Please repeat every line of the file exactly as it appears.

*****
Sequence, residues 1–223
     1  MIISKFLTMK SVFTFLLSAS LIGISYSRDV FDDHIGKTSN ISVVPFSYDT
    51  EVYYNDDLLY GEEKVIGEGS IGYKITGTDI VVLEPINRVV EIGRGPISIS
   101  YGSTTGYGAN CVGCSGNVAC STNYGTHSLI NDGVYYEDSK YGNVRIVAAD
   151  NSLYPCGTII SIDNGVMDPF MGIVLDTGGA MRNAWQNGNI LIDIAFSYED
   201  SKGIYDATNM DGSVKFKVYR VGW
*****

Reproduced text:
Sequence, residues 1–223
     1  MIISKFLTMK SVFTFLLSAS LIGISYSRDV FDDHIGKTSN ISVVPFSYDT
    51  EVYYNDDLLY GEEKVIGEGS IGYKITGTDI VVLEPINRVV EIGRGPISIS
   101  YGSTTGYGAN CVGCSGNVAC STNYGTHSLI NDGVYYEDSK YGNVRIVAAD
   151  NSLYPCGTII SIDNGVMDPF MGIVLDTGGA MRNAWQNGNI LIDIAFSYED
   201  SKGIYDATNM DGSVKFKVYR VGW